We wanted to delve a little deeper into the city level by looking at ISPs providing quality connections. But even limiting our scope to the 20 metro municipalities with the biggest population (as of the 2020 census(Opens in a new window)), we quickly ran into the limitation of our strict rule of having a minimum of 100 tests per ISP per location, which ensures the data is valid. It leaves a number of ISPs out of the running, even if they do have a large number of users in a specific city. (Be sure to run the PCMag Speed Test(Opens in a new window) so your town can appear on this list in the future.)
For example, you see only one result for several large cities. That’s because only one ISP manages more than 100 tests there: AT&T. We don’t delineate AT&T's different types of connectivity in our charts—fiber, home service, wireless—as the company doesn't differentiate it itself in the GeoIP data we receive with test results. So at AT&T’s request, we run with the caveat above: AT&T results may include speed tests from any and all of those connections. That means AT&T isn’t really in the running as the best-quality connection in any of our results, but it doesn’t mean you should not consider AT&T Fiber, if it's an option.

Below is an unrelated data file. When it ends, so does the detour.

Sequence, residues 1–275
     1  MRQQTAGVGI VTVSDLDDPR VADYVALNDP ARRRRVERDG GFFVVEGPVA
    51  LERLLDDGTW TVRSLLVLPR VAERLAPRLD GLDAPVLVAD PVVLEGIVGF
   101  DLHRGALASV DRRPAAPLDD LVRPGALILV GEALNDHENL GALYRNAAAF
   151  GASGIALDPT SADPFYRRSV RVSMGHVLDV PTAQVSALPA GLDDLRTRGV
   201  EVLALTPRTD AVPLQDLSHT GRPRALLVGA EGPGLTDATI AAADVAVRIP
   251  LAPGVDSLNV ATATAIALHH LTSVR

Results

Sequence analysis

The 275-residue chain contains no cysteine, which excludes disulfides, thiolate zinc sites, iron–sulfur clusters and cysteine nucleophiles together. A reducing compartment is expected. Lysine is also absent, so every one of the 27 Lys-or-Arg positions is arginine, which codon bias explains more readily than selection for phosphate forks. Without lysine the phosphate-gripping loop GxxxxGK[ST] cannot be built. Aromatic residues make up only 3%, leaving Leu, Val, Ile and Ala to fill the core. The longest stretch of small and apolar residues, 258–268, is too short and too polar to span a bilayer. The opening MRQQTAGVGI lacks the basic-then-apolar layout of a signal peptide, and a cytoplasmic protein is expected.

What we can substantiate among the cities here: The highest Gaming Quality Index scores in big cities both go to one ISP, Sonic, for its connections in San Francisco (6.9) and San Jose (8.7). The next best goes to Astound Broadband (RCN) in New York with a score of 16.3, closely followed by Verizon Fios at 18.3. The fifth fastest is Los Angeles’s Spectrum (19.5).
Some types of ISPs lack the quality and speed to deliver for multi-player gaming. At the top of those lists are satellite-based ISPs and wireless carriers.